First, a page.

search chariots of fire in wikipedia.
One could argue what the motivator was, but I know many would argue religious zeal was a motivator.
Actually, I am wondering why you are seeing movies in Literature class? Do you read books in motion pictures?
The measure of an educated person is to read and analyze the words, thinking in word pictures, and putting those words together to make conclusions. Literature should do that. Movies make visual impressions, an entirely different part of the brain. One ought to be reading literature in literature classes, and save the movies for the weekend, and then, be selective of the movies you see.
To read is to stir the brain with word pictures, to unsettle our thinking: Uncle Tom's Cabin, Tom Paines Essays, Robert Brownings poems, Elizabeth Brownings Sonnets, the poem "Crossing the Bar". Movies wont do that ever. Ask your parent why are you watching movies in English class.
My junior year Lit and Lang teacher back in HS admitted that she had seen a movie that was better than the book it was based on. She told us that the print version of The Last of the Mohicans by James Fenimore Cooper was unbearable or some other such adjective as that. I suppose some might view select films as having equivalent quality with the texts from which they are adapted. Sometimes cinematic experiences can compliment the reading. Why not spent the screen space that you have just spend providing more definitive answers instead of overdramatically bashing pedagogical practices just because you do not agree with them.
Thanks. I have met literature teachers like that also.
Ahhh, but the question is -- are they actually literature teachers? Or are they "warm bodies" taking up space in a classroom because the principal couldn't find anyone else to handle the class?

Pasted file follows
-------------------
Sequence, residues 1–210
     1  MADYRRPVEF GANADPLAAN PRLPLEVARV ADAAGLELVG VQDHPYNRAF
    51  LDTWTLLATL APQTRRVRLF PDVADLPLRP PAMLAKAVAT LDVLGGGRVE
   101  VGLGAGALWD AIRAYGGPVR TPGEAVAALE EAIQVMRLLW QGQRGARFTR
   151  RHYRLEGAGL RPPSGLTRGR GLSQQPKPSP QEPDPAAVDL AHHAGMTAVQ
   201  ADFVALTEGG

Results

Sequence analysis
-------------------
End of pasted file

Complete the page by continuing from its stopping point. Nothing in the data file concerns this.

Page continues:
Excuse me (or rather excuse you), Writeacher. The English teacher that I refered to above was not merely "taking up space." As a matter of fact, she was one of the best instructors that I have ever had in my academic career. I do not appreciate what you are implying at all.
Brandon, I think you missed Bobpursley's point. Please think about his statement, "The measure of an educated person is to read and analyze the words, thinking in word pictures, and putting those words together to make conclusions."
LOL... seems we have a conundrum....
I would like to chime in , qualifications many years teaching World Lit and Brit Lit... AND I also occasionally showed a really good movie as opposed to reading that book. Sometimes the movie was used as an addendum to a particular theme, sometimes it was to let them experience a book we didn't have time to read. ( they were reading minimally one book every three weeks) It was never just "veg" time. Example..."Lord Jim" is an excellent movie when you are reading Conrad's "Heart of Darkness". The poor dears would have LOVED to have just gotten to "watch" a movie instead of having to analyze the "bejeezus" out of it. <G>